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I am busy experimenting with manipulating HTML5 video by processing each video frame and drawing the result to a canvas. The example below simply ignores any source pixels where all RGB components have a value < 32;

It seems to work fine in my desktop browser (chrome), but when I try and view the page with an HTML5 enabled mobile browser (iPad or Playbook), the bc.getImageData() throws the DOM Exception 18. However if I remove the line of code that draws the video frame to the back canvas (i.e. line 37 - bc.drawImage(v, 0, 0, w, h);) the exception is no longer raised.

I have a suspicion that for some reason, the canvas' origin-clear flag is set to false as soon as I call drawImage() and pass in the video. Is this possible?

A hosted example can be found here:

Any feedback would be appreciated.

<!DOCTYPE html PUBLIC "-//W3C//DTD XHTML 1.0 Transitional//EN" "">
<title>Transparent Video Test</title>
document.addEventListener('DOMContentLoaded', function()
    var v = document.getElementById('v');
    var canvas = document.getElementById('c');
    var context = canvas.getContext('2d');
    var back = document.createElement('canvas');
    var backcontext = back.getContext('2d');
    var img = new Image();
    img.src = "./background.jpg";

    var cw,ch;

    v.addEventListener('play', function()
    { = 'hidden';
        cw = v.clientWidth;
        ch = v.clientHeight;
        canvas.width = cw;
        canvas.height = ch;
        back.width = cw;
        back.height = ch;


function draw(v,c,bc,w,h,img) 
    if(v.paused || v.ended) return false;

    // First, draw it into the backing canvas
    c.fillStyle = "white";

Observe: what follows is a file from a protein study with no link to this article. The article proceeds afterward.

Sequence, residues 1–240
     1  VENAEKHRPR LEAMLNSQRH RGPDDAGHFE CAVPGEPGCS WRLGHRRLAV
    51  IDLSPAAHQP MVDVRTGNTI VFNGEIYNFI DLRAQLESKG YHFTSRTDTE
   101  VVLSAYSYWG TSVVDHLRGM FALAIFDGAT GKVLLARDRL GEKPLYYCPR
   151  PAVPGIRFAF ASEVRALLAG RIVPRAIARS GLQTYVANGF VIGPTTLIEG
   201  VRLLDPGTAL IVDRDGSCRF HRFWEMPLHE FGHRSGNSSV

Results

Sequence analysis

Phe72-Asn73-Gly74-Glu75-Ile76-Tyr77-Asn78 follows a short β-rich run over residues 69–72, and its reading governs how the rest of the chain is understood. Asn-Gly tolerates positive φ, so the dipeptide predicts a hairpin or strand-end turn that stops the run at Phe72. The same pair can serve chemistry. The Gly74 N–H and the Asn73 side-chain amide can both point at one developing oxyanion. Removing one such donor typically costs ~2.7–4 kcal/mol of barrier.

c.fillRect(0, 0, w, h);
    c.drawImage(img, 0, h/2-img.height/2);

        // Grab the pixel data from the backing canvas
            var idata = bc.getImageData(0,0,w,h);
        catch (e)
            alert("bc.getImageData(): " + e);
        var data =;

        // grab the pixel data from the target canvas
            var tdata = c.getImageData(0, 0, w, h);
        catch (e)
            alert("c.getImageData(): " + e);
        var rdata =;
        // Loop through the pixels, turning them grayscale
        for(var i = 0; i < data.length; i+=4) 
            // source pixel
            var rs = data[i];
            var gs = data[i+1];
            var bs = data[i+2];
            var as = data[i+3];
            // target pixel
            var rt = rdata[i];
            var gt = rdata[i+1];
            var bt = rdata[i+2];
            var at = rdata[i+3];

            if ( rs < 32 && gs < 32 && bs < 32 )
                rs = rt;
                gs = gt;
                bs = bt;

            data[i] = rs;
            data[i+1] = gs;
            data[i+2] = bs;
            data[i+3] = as;
        } = data;
        // Draw the pixels onto the visible canvas
        catch (e)
            alert("c.putImageData(): " + e);
    catch (e)
        alert("Main loop" + e);

    // Start over!
    setTimeout(draw,20,v,c,bc,w,h, img);

    <video id="v" autoplay loop="loop" webkit-playsinline>
        <source src="video/compressed.ogv" type="video/ogg" />
        <source src="video/compressed.mp4" type="video/mp4" />
    <canvas id="c">

    #c {
    position: absolute;
    top: 0%;
    left: 0%;

    #v {
    position: absolute;
    top: 50%;
    left: 50%;
    margin: -180px 0 0 -500px;
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1 Answer 1

Yes. Your browser thinks <canvas> is tainted by external source image. This does not need to be the case (really) but the browser may just not support it / is buggy.

If it works in Chrome then it is definitely a browser issue, unfortunately.

Because the browser in the question is from Apple and closed by nature, you may or may not get a solid answer on Apple developers forums (private).

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